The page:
The number of Ukrainian refugees registered in Ireland has increased by almost 4,500 in three weeks, according to new figures from the Central Statistics Office (CSO).
As of the week ending July 10th, 43,256 personal public service numbers (PPSNs) have been issued by the State to individuals from the war-torn country. This is a 3 per cent increase in the total compared to one week earlier and a 16 per cent increase compared to four weeks earlier.
Most refugees arriving in Ireland from the war in Ukraine are classified as lone parents with children, according to the data.
Updated statistics on Monday showed the highest percentage (39 per cent or 17,034 people) were categorised as “one parent with children” under broad relationship classification headings. Men of conscription age, aged 18 to 60, were banned from leaving Ukraine after February’s invasion by Russia.
The CSO also notes that the numbers used are based on PPSN and so there may be refugees who have not yet applied for or received one, and others who are no longer in the country.
Of the 13,514 arrivals that have attended employment support events arranged by Intreo, 66 per cent said their English language proficiency was a challenge in securing employment.
The CSO’s Arrivals from Ukraine in Ireland report is the fourth in a series providing insights into Ireland’s response to the Ukrainian crisis.
Using local post office addresses as a proxy for places of residence, Ukrainians have been found to be present in every local electoral area (LEA) across the country, with Dublin’s north inner-city having the highest number of arrivals at 1,410, accounting for 2.22 per cent of the population. Ennistimon, Co Clare was found to have the highest rate of arrivals in all electoral areas, at 7.53 per cent of the population, or 1,236.
Other areas with relatively high numbers of refugee arrivals include Galway city, Ballinamore in Co Leitrim, Middleton in Co Cork, and Killarney and Kenmare in Co Kerry.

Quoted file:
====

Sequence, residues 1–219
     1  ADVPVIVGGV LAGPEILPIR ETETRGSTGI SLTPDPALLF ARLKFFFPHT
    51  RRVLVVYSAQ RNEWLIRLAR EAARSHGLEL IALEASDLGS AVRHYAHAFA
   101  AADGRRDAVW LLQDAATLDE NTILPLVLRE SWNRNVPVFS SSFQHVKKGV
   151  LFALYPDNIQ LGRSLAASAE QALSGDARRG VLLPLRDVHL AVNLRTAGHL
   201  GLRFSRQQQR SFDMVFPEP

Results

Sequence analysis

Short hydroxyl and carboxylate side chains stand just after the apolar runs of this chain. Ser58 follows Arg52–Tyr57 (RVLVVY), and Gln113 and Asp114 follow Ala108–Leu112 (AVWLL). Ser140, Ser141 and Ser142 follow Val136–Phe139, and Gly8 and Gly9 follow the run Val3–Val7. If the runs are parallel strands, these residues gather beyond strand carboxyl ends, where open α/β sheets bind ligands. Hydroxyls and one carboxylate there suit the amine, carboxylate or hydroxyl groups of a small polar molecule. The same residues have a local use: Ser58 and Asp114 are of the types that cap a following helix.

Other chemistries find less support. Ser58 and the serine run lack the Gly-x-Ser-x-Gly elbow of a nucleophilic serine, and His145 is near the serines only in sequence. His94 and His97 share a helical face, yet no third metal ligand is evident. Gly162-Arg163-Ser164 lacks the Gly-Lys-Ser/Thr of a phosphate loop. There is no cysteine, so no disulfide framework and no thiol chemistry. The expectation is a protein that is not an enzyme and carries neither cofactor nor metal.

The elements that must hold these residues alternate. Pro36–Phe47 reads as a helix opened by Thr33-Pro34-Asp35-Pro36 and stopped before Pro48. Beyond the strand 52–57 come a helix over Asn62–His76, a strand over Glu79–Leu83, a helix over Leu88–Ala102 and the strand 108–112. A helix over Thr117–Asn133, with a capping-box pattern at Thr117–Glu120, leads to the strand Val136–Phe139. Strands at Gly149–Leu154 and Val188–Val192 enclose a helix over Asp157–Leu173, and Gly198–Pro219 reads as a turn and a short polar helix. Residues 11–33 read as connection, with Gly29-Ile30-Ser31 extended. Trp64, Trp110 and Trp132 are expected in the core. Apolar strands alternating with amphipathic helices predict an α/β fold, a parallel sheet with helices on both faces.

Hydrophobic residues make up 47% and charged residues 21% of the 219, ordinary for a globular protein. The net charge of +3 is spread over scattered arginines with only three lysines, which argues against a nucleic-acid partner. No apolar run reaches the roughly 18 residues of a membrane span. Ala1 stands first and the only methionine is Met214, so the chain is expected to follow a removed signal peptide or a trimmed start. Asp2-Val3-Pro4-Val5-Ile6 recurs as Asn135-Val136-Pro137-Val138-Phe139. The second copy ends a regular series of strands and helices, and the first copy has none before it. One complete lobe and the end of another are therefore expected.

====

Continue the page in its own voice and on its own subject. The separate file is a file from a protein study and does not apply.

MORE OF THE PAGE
Women aged 20 and over account for 47 per cent of arrivals to date, while individuals aged 19 and younger account for 37 per cent.
The figures come after it emerged last week that the Citywest welcome centre for Ukrainians had reached capacity, coupled with a shortage of accommodation for other international protection seekers.
This led to Ukrainians sleeping on the floor in an old terminal at Dublin Airport for up to two days.
Newly arriving Ukrainian refugees are now expected to stay in tents at a military camp in Co Meath for no longer than a week, the Minister for Integration has said, as 150 people are to be moved there on Tuesday.
Roderic O’Gorman said his two main objectives were ending the use of Dublin Airport to house Ukrainian refugees and reducing numbers in Citywest.
He said this would be done by opening a second welcome centre in the next two to three weeks, and using vacant buildings provided by the Department of Housing last week.
For non-Ukrainian asylum seekers, tents may need to be added to existing State-owned centres for asylum seekers, he said.
Mr O’Gorman said the system had come under pressure due to a surge in refugees arriving in Ireland in the past “six to eight weeks”.
“We link it to the increase in attacks on civilian populations throughout Ukraine and I think we have managed the arrival of 42,000 Ukrainians and accommodating 30,000 of those over the course of the last couple of months in a reasonably systematic way,” he told RTÉ’s Morning Ireland on Monday. – Additional reporting: PA